Immunological memory and the germinal centre reaction

The immune system requires the cognate interactions of T cells, B cells, and antigen presenting cells to respond to invading antigens/pathogens. The peripheral organs where the immune response occurs are organized into microanatomic compartments that are composed of T cell zones and B cell follicles. B cell responses to thymus dependent (TD) antigens begin in the T cell zones of secondary lymphoid tissues where T and B cells initiate antigen and costimulus dependent proliferation. These initial cognate interactions are essential for humoral immunity, but alone result in only transient, low affinity antibody responses. It is a subsequent set of cellular encounters, collectively known as the germinal centre (GC) reaction, that drives affinity maturation and memory.

One of the important events taking place in GCs is the incorporation of somatic mutations in the rearranged immunoglobulin genes by a process called somatic hypermutation. Mutated Igs with high affinity for the antigen will be preferentially selected. Memory cells carrying high affinity antibodies will allow the maturation of the immune response after subsequent antigenic challenges, due to a better antigen recognition and to a faster response. Thus, a good immune reaction will drive the B cells to hypermutation.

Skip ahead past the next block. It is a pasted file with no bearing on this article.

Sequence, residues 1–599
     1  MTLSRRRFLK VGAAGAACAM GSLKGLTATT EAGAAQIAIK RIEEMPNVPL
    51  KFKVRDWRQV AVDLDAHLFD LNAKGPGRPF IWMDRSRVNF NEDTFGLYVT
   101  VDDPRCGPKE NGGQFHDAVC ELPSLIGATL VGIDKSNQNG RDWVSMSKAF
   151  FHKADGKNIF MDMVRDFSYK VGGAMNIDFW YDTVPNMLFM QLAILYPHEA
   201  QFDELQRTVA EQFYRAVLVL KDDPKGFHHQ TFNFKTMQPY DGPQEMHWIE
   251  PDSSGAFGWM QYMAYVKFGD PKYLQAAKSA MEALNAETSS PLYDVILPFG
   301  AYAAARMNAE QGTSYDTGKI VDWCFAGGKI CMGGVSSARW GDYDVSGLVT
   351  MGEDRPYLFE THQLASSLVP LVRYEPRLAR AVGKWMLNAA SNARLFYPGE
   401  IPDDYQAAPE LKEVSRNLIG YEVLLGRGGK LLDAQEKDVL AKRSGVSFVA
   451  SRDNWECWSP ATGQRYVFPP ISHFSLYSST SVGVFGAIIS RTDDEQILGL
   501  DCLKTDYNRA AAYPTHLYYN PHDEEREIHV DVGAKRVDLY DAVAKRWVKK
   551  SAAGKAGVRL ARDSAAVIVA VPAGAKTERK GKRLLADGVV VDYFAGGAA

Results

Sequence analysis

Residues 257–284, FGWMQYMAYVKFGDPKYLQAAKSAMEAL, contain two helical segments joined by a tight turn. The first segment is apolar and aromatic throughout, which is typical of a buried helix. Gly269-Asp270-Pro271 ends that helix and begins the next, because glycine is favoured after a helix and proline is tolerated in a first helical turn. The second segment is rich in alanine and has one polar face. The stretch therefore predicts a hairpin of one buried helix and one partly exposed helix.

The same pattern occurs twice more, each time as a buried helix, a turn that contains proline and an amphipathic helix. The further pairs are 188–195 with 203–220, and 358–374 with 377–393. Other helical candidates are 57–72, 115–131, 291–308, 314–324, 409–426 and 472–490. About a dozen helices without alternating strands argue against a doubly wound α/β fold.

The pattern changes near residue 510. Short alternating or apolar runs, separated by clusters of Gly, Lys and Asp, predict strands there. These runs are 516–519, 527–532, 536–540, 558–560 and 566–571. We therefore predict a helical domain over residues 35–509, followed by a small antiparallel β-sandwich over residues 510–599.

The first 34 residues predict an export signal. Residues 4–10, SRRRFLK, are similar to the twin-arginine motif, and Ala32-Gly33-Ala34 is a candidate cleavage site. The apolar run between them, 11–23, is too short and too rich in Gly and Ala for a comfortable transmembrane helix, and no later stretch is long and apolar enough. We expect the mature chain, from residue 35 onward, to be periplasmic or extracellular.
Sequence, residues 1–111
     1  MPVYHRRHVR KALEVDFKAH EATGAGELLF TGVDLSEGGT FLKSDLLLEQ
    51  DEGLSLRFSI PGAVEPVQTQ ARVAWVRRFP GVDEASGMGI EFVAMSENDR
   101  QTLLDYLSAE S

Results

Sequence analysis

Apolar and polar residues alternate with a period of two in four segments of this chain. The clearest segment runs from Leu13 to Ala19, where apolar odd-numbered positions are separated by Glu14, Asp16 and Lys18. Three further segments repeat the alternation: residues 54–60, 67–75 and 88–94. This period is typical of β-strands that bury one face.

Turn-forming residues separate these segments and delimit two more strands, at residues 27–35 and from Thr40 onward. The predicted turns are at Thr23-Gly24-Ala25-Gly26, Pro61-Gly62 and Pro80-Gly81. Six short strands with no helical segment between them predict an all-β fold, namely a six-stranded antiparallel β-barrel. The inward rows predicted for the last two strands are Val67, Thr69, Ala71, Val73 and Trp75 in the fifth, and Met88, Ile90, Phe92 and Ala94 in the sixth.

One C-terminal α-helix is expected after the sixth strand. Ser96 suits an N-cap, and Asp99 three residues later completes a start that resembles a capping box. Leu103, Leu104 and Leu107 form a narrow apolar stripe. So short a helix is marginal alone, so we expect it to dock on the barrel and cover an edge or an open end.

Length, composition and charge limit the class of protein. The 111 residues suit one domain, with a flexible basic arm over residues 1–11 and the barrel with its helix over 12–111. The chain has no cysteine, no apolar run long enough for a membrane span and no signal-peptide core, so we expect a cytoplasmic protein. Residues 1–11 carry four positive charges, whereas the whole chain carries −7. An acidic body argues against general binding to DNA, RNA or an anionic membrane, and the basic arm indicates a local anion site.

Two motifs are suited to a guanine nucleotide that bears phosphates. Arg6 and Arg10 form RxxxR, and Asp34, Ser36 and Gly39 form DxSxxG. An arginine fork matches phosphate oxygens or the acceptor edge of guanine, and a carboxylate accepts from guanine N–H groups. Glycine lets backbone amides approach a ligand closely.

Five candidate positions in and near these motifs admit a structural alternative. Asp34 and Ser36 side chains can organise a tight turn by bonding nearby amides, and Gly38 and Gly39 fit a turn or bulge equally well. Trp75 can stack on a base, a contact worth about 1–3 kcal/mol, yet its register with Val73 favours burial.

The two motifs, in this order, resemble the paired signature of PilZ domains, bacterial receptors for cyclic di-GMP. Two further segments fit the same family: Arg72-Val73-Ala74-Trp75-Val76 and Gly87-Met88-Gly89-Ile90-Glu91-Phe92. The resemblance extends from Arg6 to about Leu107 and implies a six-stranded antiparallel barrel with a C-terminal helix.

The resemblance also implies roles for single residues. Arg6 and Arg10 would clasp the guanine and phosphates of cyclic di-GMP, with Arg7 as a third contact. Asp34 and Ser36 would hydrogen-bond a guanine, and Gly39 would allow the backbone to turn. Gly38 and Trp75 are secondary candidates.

The humoral immune response is often impaired in very young and very old people. Defective immune responses could be the result of defects in any of the several steps in antigen-driven B-cell differentiation. The immune system in newborn individuals is not well developed. In aged mice, it has been shown that the GC reaction is diminished, and the humoral immune response is often impaired. Persons 65 years and older produce significantly less Ab after immunization maintain protective titres of serum Abs for shorter periods, and generate Ab affinities typically below that of younger controls. Even when given at equivalent concentrations these Abs are less protective than those produced in young adults.

The study of these interactions and the mechanisms leading to an optimal GC reaction and the development of immunological memory what have attracted much of my attention. I have a number of projects